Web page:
ropes, ladders and/or scaffolds; and who needed to avoid all
concentrated exposure to height and hazards. The VE testified that
this individual could not perform Plaintiff’s past job, but could
marketer and telephone surveyor. The VE testified further that if
this individual needed to lie down during regular breaks, but not
at will, this individual could still perform these jobs.
General Legal Principles
Title 42 U.S.C., Section 405(g) directs the Court to accept
the findings of fact made by the Commissioner, provided that such
findings are supported by substantial evidence in the record.
Substantial evidence is “such relevant evidence as a reasonable
Consolidated Edison Co. v. NLRB, 305 U.S. 197, 229 (1938).
Court’s scope of review is limited to whether the Commissioner’s
findings were supported by substantial evidence in the record, and
whether the Commissioner employed the proper legal standards in
evaluating the plaintiff’s claim. E.g., Mongeur v. Heckler, 722
F.2d 1033, 1038 (2d Cir. 1983) (citations omitted).
However, “[b]efore the insulation of the substantial evidence
test comes into play, it must first be determined that the facts of
a particular case have been evaluated in light of correct legal
standards.” Klofta v. Mathews, 418 F. Supp. 1139, 1411 (E.D. Wis.
1976) (quoted in Costanzo v. Apfel, No. 98-CV-606H, 2000 WL 575660,
at *2 (W.D.N.Y. Feb. 8, 2000)). The Commissioner’s determination
will not be upheld if it is based on an erroneous view of the law
that fails to consider highly probative evidence. Tejada v. Apfel,
167 F.3d 770, 773 (2d Cir. 1999). In such cases, the reviewing
court has the authority to reverse with or without remand. See
42 U.S.C. §§ 405(g), 1383(c)(3).
The ALJ’s Decision
20 C.F.R. §§ 404.1520(a)(4)(i)-(v) and 416.920(a)(4)(i)-(v), for
evaluating disability claims.
Under step one, the ALJ
activity since December 19, 2008.
At step two, the ALJ
concluded that Plaintiff has the following severe impairments:
cervical disk without myelopathy and status post-surgery; brachial
neuritis or radiculitis; status post-surgery of the shoulder; and
status post-surgery of the elbow. T.15-16. At step three, the ALJ
determined that none of these severe impairments, considered singly
or in combination, met or medically equaled a listed impairment.
Id. At steps four and five, the ALJ concluded that Plaintiff had
the residual functional capacity (“RFC”) to perform sedentary work,
subject to certain limitations. T.16-24.
Relying on the VE’s
testimony, the ALJ found that Plaintiff was unable to perform any
certain jobs that exist in significant numbers in the national
III. Analysis of Plaintiff’s Arguments
The ALJ’s Finding Regarding Listing 1.04(A)
Plaintiff’s impairments do not meet or equal the listed impairment
for spinal disorders as set forth in 20 C.F.R. Pt. 404, Subpt. P,
App. 1, § 1.04(A). See Plaintiff’s Memorandum of Law (“Pl’s Mem.”)
at 10. Defendant does not specifically address this argument but
contends that the record as a whole supports the ALJ’s finding of
At step three, the burden of establishing that a condition
meets or equals one of the listed impairments rests with the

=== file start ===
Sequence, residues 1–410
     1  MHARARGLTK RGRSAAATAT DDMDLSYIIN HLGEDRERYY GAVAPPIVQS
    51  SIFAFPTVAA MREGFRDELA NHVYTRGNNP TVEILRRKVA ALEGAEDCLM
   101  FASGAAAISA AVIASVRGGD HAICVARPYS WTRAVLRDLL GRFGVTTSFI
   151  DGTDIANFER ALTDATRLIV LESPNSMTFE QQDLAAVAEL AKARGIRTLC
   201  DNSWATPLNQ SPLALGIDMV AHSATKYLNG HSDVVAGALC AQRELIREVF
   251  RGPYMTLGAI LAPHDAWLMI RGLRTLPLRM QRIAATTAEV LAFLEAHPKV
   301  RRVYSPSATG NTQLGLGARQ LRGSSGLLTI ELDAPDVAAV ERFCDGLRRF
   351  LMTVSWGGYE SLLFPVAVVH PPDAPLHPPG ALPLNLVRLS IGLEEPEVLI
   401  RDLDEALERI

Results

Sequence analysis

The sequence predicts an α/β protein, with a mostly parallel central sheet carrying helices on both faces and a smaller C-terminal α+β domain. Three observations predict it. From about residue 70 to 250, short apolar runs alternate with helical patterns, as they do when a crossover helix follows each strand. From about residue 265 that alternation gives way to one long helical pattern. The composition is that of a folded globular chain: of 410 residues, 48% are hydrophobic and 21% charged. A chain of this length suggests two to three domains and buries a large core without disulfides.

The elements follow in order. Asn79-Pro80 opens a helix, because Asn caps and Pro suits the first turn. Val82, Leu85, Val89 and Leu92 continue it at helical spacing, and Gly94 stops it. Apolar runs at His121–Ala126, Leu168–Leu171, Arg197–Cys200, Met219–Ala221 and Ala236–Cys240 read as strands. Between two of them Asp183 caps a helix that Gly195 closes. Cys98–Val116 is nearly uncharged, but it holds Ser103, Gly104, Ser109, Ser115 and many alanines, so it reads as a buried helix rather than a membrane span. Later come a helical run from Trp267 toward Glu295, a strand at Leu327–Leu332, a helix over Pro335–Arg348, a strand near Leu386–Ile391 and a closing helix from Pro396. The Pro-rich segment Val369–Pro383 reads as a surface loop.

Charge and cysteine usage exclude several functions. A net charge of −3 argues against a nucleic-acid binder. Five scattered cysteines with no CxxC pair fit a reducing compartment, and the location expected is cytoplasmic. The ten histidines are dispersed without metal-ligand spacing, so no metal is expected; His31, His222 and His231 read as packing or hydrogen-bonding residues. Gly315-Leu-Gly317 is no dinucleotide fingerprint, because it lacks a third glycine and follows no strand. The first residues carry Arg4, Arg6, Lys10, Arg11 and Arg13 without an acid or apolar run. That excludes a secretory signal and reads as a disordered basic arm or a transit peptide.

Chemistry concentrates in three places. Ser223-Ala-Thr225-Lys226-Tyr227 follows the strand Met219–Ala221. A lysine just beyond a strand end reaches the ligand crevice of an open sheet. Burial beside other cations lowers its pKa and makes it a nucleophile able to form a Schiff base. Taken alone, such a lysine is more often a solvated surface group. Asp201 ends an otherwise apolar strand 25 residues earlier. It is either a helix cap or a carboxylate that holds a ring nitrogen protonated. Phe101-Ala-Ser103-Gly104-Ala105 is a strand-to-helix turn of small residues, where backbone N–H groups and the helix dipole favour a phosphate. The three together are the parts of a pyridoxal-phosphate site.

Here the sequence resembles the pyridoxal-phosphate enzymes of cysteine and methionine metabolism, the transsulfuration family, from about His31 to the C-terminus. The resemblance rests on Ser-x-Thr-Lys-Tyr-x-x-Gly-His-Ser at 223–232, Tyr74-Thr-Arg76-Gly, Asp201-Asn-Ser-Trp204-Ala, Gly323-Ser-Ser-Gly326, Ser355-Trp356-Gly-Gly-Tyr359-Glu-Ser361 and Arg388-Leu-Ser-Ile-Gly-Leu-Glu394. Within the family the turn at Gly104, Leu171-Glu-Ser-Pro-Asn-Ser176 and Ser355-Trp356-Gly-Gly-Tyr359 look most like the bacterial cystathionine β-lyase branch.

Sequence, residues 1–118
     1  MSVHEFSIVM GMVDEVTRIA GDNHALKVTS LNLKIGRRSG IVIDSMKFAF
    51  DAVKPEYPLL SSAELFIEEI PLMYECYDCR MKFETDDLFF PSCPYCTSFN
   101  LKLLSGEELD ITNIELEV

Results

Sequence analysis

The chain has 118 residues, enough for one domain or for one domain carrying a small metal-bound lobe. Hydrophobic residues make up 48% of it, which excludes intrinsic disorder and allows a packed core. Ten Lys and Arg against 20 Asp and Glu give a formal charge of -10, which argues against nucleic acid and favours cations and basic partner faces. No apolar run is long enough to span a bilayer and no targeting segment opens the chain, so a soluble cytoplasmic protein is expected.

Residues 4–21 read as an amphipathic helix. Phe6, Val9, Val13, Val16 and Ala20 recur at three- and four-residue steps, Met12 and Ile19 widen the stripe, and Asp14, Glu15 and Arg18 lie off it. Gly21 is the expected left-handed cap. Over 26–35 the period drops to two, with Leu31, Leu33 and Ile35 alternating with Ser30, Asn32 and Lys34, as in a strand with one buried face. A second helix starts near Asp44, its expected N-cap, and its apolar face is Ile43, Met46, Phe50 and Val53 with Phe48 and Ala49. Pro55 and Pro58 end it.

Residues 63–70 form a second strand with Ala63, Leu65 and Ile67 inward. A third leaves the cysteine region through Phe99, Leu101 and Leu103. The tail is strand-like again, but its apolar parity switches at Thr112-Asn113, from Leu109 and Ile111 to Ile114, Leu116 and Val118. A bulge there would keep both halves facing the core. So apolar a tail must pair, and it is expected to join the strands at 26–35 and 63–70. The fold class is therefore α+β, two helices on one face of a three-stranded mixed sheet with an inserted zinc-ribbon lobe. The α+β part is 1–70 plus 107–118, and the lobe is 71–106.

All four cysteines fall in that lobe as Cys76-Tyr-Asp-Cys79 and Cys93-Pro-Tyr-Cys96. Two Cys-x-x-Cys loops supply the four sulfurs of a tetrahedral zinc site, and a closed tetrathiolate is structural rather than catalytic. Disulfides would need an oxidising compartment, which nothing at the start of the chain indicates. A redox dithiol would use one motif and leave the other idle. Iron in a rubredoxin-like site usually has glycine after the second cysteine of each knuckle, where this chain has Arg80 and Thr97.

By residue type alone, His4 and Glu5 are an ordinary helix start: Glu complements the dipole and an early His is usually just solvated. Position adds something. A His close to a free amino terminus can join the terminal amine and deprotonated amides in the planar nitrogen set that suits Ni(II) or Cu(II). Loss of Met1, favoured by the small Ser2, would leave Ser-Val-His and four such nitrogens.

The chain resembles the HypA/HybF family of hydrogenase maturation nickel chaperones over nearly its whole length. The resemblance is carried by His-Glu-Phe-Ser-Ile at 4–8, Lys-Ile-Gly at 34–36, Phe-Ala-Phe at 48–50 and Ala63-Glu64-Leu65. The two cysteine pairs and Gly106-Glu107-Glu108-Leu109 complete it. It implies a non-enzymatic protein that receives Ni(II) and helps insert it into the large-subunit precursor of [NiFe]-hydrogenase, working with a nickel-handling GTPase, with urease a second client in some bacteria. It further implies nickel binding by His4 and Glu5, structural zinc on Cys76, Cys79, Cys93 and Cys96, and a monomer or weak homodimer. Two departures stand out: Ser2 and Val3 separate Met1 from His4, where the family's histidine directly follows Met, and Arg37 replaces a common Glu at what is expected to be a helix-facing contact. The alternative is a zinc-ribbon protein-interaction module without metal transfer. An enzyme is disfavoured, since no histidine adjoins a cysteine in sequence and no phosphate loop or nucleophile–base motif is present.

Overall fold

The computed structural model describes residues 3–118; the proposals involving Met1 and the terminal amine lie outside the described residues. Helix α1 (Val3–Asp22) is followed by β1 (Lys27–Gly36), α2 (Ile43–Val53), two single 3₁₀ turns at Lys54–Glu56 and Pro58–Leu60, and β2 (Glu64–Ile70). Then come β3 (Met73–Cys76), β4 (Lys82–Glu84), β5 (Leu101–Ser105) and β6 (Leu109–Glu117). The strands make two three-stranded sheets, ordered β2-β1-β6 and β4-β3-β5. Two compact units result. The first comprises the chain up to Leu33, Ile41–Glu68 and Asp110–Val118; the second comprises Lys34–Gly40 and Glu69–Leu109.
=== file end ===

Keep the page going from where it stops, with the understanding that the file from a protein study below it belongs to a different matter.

claimant. Curry v. Apfel, 209 F.3d 117, 122 (2d Cir. 2000). A
claimant may definitively establish disability at step three by
proving that his impairment meets all of the requirements of a
Alternatively, disability may be shown when a claimant’s condition,
although it does not meet the specific criteria of a listing, is
functionally equivalent to a listed condition. Id. For a claimant
to qualify for benefits by showing that his unlisted impairment, or
combination of impairments, is “equivalent” to a listed impairment,
he must present “medical findings equal in severity to all the
criteria for the one most similar listed impairment.”
Zebley, 493 U.S. 521, 531 (1990) (citing 20 C.F.R. § 416.926(a))
(emphasis in original). “A claimant cannot qualify for benefits
under the ‘equivalence’ step by showing that the overall functional
impact of his (or her) unlisted impairment or combination of
impairments is as severe as that of a listed impairment.”
493 U.S. at 531 (citation omitted).
Listing 1.04(A) provides, in relevant part, as follows:
1.04 Disorders of the spine (e.g., herniated nucleus
pulposus [herniated disc], spinal arachnoiditis, spinal
stenosis, osteoarthritis, degenerative disc disease,
facet arthritis, vertebral fracture), resulting in
compromise of a nerve route (including the cauda equina)
or the spinal cord. With:
characterized by neuro-anatomic distribution
of pain, limitation of motion of the spine,
motor loss (atrophy with associated muscle
weakness or muscle weakness) or accompanied by
sensory or reflex loss and, if there is
involvement of the lower back, positive
supine); . . .
20 C.F.R. Pt. 404, Subpt. P, App. 1, § 1.04(A). Thus, a disability
under Listing 1.04(A) requires an image of a herniated nucleus
pulposus (herniated disc), evidence of neuro-anatomic distribution
of pain, limited motion, motor loss, sensory loss, and positive
straight-leg-raising tests. See id.
Under the regulations, the ALJ’s determination as to whether
the claimant’s impairment meets or equals the Listings must reflect
a comparison of the symptoms, signs, and laboratory findings about
the impairment, as shown in the medical evidence, with the medical
criteria as shown with the listed impairment. See, e.g., 20 C.F.R.
§§ 404.1526(a); 416.926(a). When an adverse finding is made at step
three, the ALJ must justify this determination with more than a
brief, conclusory statement that the claimant’s conditions do not
“meet[ ] or equal one of [the] listings in appendix 1 to subpart
P of part 404.” 20 C.F.R. § 416.920(a)(4)(iii). E.g., Rivera v.
Astrue, No. 10 CV 4324(RJD), 2012 WL 3614323, at *11 (E.D.N.Y.
Aug. 21, 2012) (citing Berry v. Schweiker, 675 F.2d 464, 468
(2d Cir. 1982)). Rather, the ALJ must “set forth a specific